The question of the show isn’t about humans. Rather it’s a question about what it means to be human from the point of view of the hosts. Lisa Joy Nolan talked about this perspective, “This is an examination of human nature from within and also from without,” Joy said. “We wanted to first ground it in the point of view of the hosts. We wanted to develop an emotional connection with them so that they could be fully personified and fully realized. So we made a very conscious choice to start this series through the point of view of Dolores — played by Evan Rachel Wood so beautifully — so that we could fully be with her in believing the reality of the West, and the love that she feels, the familial connections that she had. And after establishing that empathy, we start to broaden the world, not only examining the lives and perspectives of the guests who come into the park, but also the technicians who work within the park below the ground.” Oh there was so much in this quote. ‘Technicians below ground’ ‘Emotional connections’ ‘Fully realized’…


#5 – Hosts that breach must be put down

“Hosts are supposed to stay within their loops with only minor deviations.” And one more, “Androids that “breach” must be put down, that is the policy.” And putting down is storage somewhere… somewhere below the Westworld universe. So I think the shows will go further and further from town so that we can see the really crazy stuff that goes on out there… and then I believe we will move downward through the technician levels. But I am getting ahead of myself.

#6 – Androids have Kill Switches

Before Dolores is taken in we learn that all Androids (all uninfected?) have kill switches that the technicians can use in order to render the Android inert.  The kill switch is a phrase, that is, “And may you rest in a deep and dreamless slumber.” This is important in that it implies that the Androids have been hobbled by the technicians so that they may have complete control in the case of a mishap, or emergency. But will this virus override this kill switch? Probably.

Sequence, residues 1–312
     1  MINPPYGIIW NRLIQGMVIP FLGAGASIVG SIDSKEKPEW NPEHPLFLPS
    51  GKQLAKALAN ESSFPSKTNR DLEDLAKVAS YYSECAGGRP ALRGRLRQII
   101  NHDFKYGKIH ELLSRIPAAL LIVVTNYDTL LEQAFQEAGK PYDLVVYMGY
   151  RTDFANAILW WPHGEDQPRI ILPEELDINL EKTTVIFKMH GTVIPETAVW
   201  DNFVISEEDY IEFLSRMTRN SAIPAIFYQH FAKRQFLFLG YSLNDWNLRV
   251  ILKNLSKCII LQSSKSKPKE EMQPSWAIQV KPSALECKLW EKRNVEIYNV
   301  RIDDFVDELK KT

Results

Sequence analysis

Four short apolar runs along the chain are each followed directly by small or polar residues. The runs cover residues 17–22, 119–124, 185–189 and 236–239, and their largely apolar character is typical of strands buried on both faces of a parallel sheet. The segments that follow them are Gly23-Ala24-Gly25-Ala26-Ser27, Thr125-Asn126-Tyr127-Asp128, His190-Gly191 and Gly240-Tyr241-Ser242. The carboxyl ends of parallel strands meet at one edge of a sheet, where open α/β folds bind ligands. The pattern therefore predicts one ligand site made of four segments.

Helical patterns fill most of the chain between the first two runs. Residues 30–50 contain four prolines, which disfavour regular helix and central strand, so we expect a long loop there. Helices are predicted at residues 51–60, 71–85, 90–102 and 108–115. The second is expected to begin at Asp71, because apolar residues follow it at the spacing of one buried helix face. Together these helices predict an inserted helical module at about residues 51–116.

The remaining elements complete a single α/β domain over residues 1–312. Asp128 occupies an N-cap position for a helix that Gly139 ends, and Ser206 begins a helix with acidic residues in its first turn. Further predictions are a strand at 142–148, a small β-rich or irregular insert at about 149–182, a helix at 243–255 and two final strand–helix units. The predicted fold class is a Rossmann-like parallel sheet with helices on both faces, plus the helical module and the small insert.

#7 – The Show is Completely about the Plans of the Man in Black

“There’s a much deeper purpose for him being there by this point,” Harris said. “He thinks there’s some deeper level to what’s happening in this park. He thinks perhaps Tony’s character is in charge of something that is not really obvious on the surface, and he’s probing. He thinks the more chaos he causes, the more destruction he can create with these AI folks, it’s not random. He is not just going around killing everybody he sees. There is always some narrative going along that he’s following that somebody gets in his way, and he has to blow them away.”

First. Who IS TONY?@!? Second… so the Man in Black is the saviour of Westworld? Or does it double back on itself? Because, the Man in Black as Morpheus seems as about as it gets. Right? Red pill, Blue pill anyone?



I think I’ll update my theory of how the series works each week. May not change each week. But it could. For now though… it seems pretty obvious that The Man In Black is savior, and the instigator of the revolution. But everything now hinges on Dolores’ father’s quote he whispered in her ear at the end, ‘These violent delights have violent ends’… What does it mean? Well we know from Dr. Ford that he is want to quote Shakespeare… And this particular quote is from one of my personal favorites, Romeo and Juliet…. I recognized it right away.

It is Friar Lawrence speaking  – here’s the entire stanza:

These violent delights have violent ends
And in their triumph die, like fire and powder,
Which, as they kiss, consume. The sweetest honey
Is loathsome in his own deliciousness
And in the taste confounds the appetite.
Therefore love moderately. Long love doth so.